Alan Jacobs has, in the past, tried to put his finger on why some of us find podcasts so unsatisfying, even as they’ve become wildly popular. (I remain convinced that there are more people making podcasts than listening to them, but still.) Alan hits on a couple plausible problems here, but I don’t think that’s my own issue. I’m someone who often will get the urge to listen to a podcast — who likes them in theory — but ends up unhappy about the ones I actual listen to. I think the real problem is that there is just about zero conflict in the average podcast; the tendency is for people to be friendly with each other and say friendly things and arrive at friendly conclusions. Which is fine in bits and pieces but frustrating for an entire medium. Note that I’m not even really talking about out-and-out mutual admiration, here, although there’s plenty of that in the podcast form, but just the cult of congeniality that dominates these things. Congeniality is nice for small talk but not very useful when you’re trying to get to the truth or to drama. I don’t think people have to be strangling each other from across their microphones, but more disagreement and more conflict would go a long way.
So this New Yorker podcast about how podcasts are great, with all of the guests just sort of saying “you know what’s great? Podcasts” over and over again ironically demonstrates to me exactly why the medium is so limited. Or, similarly, here’s this new Longform.org with Karina Longworth, where the host is like “your podcast is great” and the guest is like “well thank you, I appreciate that.” And, hey, that’s fine, I’m not that big of a hater to undermine the praise. I just don’t see what it provides to me, as a listener, either in terms of education or entertainment.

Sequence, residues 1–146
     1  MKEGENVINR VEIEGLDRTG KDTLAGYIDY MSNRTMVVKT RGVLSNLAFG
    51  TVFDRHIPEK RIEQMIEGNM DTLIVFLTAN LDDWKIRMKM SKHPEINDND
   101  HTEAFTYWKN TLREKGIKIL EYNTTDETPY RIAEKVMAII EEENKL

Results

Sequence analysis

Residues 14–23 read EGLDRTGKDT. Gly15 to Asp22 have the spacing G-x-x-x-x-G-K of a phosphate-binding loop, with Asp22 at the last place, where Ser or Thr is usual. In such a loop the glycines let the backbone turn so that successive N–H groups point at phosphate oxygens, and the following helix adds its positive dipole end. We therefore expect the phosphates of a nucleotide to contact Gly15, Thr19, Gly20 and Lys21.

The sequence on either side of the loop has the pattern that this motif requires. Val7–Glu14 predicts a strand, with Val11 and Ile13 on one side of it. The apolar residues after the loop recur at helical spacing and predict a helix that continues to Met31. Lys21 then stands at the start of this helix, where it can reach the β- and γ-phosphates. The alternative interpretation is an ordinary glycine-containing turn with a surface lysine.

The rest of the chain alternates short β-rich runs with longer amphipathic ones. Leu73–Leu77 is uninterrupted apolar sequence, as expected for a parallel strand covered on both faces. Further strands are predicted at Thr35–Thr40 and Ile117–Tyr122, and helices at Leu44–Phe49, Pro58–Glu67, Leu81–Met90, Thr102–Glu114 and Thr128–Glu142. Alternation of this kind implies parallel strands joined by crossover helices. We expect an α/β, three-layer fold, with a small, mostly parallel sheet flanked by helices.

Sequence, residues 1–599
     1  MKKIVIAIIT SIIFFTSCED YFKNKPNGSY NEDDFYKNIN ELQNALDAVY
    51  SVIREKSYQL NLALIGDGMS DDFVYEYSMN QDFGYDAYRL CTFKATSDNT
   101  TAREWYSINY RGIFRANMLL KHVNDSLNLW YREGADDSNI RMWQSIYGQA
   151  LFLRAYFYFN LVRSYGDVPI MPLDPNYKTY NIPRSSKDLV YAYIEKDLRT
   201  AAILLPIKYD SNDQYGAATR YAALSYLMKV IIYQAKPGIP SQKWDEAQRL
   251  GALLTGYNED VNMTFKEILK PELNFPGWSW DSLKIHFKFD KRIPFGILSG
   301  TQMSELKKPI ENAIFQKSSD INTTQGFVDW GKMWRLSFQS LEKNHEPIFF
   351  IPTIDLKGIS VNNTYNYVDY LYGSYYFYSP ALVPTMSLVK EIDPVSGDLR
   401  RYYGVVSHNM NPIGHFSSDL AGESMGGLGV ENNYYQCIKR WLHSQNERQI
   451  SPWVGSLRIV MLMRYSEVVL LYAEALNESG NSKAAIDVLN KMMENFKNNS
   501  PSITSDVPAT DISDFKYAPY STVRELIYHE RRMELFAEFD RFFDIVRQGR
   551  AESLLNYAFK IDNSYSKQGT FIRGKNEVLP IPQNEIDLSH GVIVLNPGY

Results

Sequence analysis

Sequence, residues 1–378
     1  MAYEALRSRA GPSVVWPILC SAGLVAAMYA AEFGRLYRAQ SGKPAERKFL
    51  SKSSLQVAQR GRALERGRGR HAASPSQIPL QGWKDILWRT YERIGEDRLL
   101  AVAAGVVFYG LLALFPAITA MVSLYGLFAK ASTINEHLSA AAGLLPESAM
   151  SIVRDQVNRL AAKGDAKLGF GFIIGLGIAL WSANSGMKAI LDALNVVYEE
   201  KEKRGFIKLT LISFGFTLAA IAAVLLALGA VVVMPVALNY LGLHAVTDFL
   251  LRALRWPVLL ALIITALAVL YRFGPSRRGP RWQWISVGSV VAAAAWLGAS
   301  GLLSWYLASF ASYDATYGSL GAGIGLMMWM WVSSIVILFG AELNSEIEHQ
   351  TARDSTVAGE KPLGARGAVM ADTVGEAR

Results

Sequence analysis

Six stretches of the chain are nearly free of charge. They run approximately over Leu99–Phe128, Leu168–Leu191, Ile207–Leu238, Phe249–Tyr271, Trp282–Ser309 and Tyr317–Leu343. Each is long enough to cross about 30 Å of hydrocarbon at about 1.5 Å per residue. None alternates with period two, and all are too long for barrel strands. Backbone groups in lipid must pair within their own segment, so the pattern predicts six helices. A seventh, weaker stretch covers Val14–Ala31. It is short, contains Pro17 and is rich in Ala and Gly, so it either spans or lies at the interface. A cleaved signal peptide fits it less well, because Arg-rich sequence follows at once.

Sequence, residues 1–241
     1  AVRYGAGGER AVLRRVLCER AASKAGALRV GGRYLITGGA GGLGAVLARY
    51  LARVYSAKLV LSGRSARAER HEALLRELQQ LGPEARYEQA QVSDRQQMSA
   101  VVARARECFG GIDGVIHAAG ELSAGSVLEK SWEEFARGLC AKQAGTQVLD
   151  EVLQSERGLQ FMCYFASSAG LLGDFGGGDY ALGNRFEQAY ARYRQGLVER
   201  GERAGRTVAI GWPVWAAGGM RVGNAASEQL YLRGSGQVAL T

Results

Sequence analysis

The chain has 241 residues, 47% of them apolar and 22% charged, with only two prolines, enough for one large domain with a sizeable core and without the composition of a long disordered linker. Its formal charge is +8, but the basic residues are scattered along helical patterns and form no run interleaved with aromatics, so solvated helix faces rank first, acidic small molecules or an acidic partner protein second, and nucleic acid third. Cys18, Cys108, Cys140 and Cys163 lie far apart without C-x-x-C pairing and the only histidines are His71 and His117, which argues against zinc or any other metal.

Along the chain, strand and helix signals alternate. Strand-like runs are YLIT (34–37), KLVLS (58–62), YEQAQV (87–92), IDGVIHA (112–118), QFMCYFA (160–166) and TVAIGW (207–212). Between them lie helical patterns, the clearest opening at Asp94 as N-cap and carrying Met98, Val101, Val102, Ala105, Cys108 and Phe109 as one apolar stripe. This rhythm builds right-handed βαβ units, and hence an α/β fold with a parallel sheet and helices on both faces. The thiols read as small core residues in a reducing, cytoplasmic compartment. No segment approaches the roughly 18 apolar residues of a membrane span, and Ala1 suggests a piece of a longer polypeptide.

Sometimes I just want to hear pleasant people pleasantly conversing. But my appetite for that is small, and usually if I want to experience it, I’ll just get together with friends over beer. And if people really want podcasts to be something other than an excuse for listening to themselves talk, they have to get past the ingrained blank politeness and agreement that dominate the form now.